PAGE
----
(Poplar, MT) At Monday’s, May 25th, 2016 council meeting, the Tribal leaders of Montana’s Fort Peck Indian Reservation adopted a transgender bathroom policy similar to the North Carolina policy, a highly controversial piece of legislation that prompted Bruce Springsteen, Bryan Adams, PayPal and many others to not do business with and in the State of North Carolina.
The newly adopted policy by the Fort Peck council requires people to use the bathroom according to the sex on their birth certificate and not the gender they identify as, passed with a majority vote – nine (9) council members voted in favor and one (1) council member did not support the resolution and two (2) members of the council were not present at the time of the vote.
Reported by local news outlet KRTV, what prompted this policy was the recent recommendation from the Obama administration ordering public schools to allow transgender students to use the bathroom of their choice. This recommendation puts federally funded education institutions in jeopardy of losing grant money if the do not comply. Councilman Ed Bauer was recorded in the meeting minutes as saying, “What people do in their bedrooms is their business. How public bathrooms are used is [my] business,” KRTV reported.
“We have enough problems here with death and drugs, so maybe we’re just a little protective,” Bauer told the station. “I’m more concerned with being physically correct and protecting our children than being politically correct.”
The TwoSpiritJounal reached out to a Two-Spirit member of the Fort Peck Reservation for their reaction. “This is a very complicated public safety issue,” said the Two-Spirit tribal member. “I wouldn’t feel safe sharing the bathroom with our trans* tribal members not because they are trans* but because these community members have been in and out the criminal justice system, and I recently heard stories of how one individual took advantage of some young guys who were passed out at a party.”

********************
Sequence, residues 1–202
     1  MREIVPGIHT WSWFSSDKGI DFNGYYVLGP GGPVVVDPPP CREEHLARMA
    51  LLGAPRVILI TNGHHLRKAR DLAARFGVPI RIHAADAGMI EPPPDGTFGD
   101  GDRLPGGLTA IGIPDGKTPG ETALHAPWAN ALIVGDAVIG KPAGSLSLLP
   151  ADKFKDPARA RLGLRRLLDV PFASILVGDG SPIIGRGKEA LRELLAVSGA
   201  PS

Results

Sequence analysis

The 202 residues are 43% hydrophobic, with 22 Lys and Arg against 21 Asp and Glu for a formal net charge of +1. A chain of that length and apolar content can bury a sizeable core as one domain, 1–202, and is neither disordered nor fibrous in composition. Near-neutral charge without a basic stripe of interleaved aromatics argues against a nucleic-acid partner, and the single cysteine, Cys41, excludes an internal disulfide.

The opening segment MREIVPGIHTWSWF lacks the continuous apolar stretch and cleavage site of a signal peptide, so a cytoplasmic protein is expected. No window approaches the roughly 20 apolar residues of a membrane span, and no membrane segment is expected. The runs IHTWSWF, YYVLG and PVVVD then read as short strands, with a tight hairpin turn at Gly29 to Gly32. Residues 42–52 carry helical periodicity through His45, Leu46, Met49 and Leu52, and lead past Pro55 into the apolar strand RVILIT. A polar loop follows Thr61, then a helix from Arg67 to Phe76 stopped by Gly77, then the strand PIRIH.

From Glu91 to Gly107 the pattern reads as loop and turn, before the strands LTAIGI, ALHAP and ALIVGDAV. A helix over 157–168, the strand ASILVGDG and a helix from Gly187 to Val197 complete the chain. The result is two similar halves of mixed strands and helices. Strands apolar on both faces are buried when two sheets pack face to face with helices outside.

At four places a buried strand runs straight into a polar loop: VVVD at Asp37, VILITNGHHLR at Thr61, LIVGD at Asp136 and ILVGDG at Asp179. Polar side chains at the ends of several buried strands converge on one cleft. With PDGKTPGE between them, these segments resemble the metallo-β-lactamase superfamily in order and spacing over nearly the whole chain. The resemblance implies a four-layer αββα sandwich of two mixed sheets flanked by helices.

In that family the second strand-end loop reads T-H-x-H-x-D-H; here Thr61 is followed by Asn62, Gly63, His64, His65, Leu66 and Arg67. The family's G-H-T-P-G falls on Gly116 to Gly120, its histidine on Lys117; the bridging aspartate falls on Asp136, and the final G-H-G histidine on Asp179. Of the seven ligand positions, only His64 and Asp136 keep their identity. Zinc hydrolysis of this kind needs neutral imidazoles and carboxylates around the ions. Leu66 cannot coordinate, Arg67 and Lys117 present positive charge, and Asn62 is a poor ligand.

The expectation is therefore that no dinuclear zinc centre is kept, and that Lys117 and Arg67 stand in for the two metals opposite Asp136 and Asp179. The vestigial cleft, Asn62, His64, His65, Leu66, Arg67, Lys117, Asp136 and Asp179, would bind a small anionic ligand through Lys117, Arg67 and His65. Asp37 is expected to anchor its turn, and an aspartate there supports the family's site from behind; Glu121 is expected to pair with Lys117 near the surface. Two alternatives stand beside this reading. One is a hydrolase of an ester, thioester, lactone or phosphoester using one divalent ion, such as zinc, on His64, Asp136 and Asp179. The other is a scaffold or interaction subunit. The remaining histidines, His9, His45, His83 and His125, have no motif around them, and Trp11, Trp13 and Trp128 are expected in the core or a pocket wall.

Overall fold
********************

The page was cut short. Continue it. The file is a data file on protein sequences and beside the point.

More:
“Our trans* community members, who live on our reservation, are not good representatives of the trans* community and really give the rest of the trans* community a very bad reputation,” the Fort Peck Two-Spirit tribal member continues, “I strongly believe, if these community members carried themselves in a good way, this wouldn’t be an issue.”
“It sounds like perhaps the wrong policy fix was used,” said Se-ah-dom Edmo (Shoshone-Bannock, Nez Perce, & Yakama), commissioner for Portland’s Human Rights Commission, “Rather than addressing, as the Two-Spirit tribal member stated, an issue regarding sexual abuse or assault, it appears that the tribe is instead targeting all people who are Two Spirit and/or Trans*.”
Ms. Edmo continues, “We also know that hurt people hurt (harm) others around them, and that Two-Spirit, particularly those who identify as transgender also, collectively experience markedly intense levels of discrimination and harassment. The behavioral health response to such structural and interpersonal violence creates a cycle of dysfunctional behavior and violence. My hope, and I think the collective hope of many across Indian Country, is for health and healing, and systems of Indigenous governance which provide for the safety, wellbeing and respect for all families, including Two-Spirit families. We all have a family member or close friend who is Two Spirit – so this issue impacts all of our families and communities.”
The TwoSpiritJounal will continue monitoring, tracking and reporting on this tribal policy impacting the Two-Spirit and Trans* community of the Fort Peck Reservation.